However, when you are exposed to 2nd hand vapor, it is most likely a short term exposure that you will not experience again for a long time, which is relatively harmless. It’s not entirely comparable to this study, where individuals were exposed to PG vapor for up to four hours at a time.
A small study from 2014 also discovered that using e-cigarettes indoors compromised air quality, by increasing the amount of particulates, nicotine and aluminium in the air. Each of these compounds has been linked to heart disease, cancer and lung diseases like asthma.
Again, this is not direct evidence, but it suggests 2nd hand vapor has some potential to have harmful effects on others, if they face long term exposures .
PG is commonly used as a base for e-liquids and is the main component of 2nd hand vapor. A 2010 study showed that young children exposed long-term to PG from fresh paint and cleaning solutions in their air inside their homes were much more likely to get asthma.
This means that if you are vaping a lot in confined spaces, PG-based second-hand vapor may have an effect on very young children, and potentially induce asthma . There is no direct research or evidence relating childhood asthma cases to parents that vape indoors at the moment, but this early evidence is important to consider when vaping around young children.
Is Vapor Smoke Harmful?
Some people refer to the vapor from e-cigarettes as ‘vapor smoke’. This is an incorrect term that is misleading.
Vapor and smoke are different things
- E-cigarettes produce vapor, and;
- Burning tobacco produces smoke.
E-cigarettes are also known as vaporisers.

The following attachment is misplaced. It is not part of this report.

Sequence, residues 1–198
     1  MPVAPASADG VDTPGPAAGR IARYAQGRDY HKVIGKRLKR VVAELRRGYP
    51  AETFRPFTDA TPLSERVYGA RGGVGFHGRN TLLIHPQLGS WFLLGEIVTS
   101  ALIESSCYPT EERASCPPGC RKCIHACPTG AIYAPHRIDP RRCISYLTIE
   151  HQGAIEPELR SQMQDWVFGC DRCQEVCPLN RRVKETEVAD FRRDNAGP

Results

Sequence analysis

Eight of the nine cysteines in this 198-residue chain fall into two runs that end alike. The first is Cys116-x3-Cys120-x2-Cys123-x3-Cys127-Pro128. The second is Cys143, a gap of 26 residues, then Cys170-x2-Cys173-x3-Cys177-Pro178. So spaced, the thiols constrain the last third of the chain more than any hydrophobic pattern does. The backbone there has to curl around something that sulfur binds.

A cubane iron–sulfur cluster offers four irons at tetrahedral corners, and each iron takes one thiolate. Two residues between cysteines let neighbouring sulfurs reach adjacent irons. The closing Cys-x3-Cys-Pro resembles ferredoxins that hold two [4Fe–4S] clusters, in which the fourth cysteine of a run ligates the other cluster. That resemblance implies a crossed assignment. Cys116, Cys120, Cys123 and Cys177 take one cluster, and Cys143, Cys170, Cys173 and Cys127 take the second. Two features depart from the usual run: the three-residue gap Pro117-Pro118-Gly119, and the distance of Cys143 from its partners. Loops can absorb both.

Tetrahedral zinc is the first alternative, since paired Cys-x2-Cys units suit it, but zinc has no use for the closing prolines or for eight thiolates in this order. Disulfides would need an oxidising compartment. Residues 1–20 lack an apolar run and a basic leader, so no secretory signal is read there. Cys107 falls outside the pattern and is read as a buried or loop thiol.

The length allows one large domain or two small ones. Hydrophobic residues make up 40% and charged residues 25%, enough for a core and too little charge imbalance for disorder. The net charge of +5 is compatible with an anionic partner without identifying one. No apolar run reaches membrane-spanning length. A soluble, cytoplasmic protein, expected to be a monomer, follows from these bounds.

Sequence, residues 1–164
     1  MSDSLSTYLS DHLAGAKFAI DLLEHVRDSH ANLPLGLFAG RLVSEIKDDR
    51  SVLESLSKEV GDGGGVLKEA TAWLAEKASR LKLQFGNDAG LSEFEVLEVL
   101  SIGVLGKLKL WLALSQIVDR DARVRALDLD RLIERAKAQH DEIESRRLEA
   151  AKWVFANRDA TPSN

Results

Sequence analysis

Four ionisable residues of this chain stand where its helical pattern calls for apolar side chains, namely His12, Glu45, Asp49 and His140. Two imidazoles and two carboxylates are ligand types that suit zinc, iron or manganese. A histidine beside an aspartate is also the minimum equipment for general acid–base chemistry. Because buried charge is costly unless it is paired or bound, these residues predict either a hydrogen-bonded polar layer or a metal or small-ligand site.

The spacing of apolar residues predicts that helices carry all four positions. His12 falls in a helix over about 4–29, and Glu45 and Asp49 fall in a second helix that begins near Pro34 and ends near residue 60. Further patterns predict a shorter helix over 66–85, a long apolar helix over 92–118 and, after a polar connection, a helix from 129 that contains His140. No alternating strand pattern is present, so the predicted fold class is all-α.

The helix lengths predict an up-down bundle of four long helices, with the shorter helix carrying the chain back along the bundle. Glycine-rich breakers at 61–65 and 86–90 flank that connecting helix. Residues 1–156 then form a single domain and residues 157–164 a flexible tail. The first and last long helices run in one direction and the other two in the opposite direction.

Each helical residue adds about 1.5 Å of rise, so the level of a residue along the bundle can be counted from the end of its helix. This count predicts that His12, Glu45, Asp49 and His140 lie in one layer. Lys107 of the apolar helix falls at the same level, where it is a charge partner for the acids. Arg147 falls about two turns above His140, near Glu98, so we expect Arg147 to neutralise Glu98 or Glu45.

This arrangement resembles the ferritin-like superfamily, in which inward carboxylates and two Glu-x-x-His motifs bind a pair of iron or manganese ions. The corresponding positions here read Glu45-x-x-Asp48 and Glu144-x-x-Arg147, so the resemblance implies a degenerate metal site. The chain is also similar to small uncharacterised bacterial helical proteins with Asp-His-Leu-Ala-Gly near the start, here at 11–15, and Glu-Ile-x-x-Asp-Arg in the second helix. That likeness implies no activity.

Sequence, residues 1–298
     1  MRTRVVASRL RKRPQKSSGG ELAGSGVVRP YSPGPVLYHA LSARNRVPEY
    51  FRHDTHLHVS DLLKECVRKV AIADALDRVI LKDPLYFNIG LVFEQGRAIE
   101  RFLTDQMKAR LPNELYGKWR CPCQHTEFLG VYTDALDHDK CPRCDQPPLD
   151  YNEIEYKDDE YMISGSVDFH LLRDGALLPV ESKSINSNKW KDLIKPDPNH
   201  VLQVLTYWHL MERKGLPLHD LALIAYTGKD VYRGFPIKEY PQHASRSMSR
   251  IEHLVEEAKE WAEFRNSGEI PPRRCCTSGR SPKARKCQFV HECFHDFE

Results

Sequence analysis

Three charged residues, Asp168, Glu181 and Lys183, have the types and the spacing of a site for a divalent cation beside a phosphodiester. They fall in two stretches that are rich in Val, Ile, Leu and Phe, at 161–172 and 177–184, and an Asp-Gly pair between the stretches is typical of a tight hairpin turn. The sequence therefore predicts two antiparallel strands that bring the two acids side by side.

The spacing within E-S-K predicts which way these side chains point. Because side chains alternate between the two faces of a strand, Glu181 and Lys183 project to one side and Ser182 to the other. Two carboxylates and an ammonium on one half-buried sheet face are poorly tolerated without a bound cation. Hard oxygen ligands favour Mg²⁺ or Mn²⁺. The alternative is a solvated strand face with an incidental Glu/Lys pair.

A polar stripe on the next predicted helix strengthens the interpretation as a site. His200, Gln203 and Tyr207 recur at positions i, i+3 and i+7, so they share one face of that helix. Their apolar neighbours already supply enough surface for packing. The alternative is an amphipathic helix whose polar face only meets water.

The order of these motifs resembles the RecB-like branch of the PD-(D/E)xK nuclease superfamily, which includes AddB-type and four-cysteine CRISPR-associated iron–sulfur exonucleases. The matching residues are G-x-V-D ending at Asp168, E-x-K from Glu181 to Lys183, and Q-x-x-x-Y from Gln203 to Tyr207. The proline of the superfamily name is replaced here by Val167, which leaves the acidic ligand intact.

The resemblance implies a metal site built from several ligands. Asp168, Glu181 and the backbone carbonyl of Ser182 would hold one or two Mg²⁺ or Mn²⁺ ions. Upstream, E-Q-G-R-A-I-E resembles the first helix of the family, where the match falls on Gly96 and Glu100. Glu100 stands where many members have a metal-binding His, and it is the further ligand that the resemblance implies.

At short or low level exposures, it’s safe to assume second-hand vapor is relatively harmless.
It is only when someone is exposed long term to 2nd hand vapor that they might experience some short-term effects on their lung function.
If you are frequently using an e-cigarette indoors or in an poorly ventilated area around others, you might be exposing people to 2nd hand vapor for extended periods of time. Long exposures to PG vapor can induce asthma-like symptoms in young children and reduced lung function in adults, so it is always best to vape in a well ventilated environment or outdoors where possible, particularly when you are with children. Although no evidence has linked 2nd hand vapor to these health effects, and short term exposures are relatively harmless, it is certainly not unreasonable to consider others around you, particularly pregnant women and children, and avoid vaping in confined spaces.
1. Public Health England E-cigarettes: an evidence update A report commissioned by Public Health England (accessed 27/11/18) https://assets.publishing.service.gov.uk/government/uploads/system/uploads/attachment_data/file/733022/Ecigarettes_an_evidence_update_A_report_commissioned_by_Public_Health_England_FINAL.pdf
2. Grana, R; Benowitz, N; Glantz, S. “Background Paper on E-cigarettes,” Center for Tobacco Control Research and Education, University of California, San Francisco and WHO Collaborating Center on Tobacco Control. December 2013 http://arizonansconcernedaboutsmoking.com/201312e-cig_report.pdf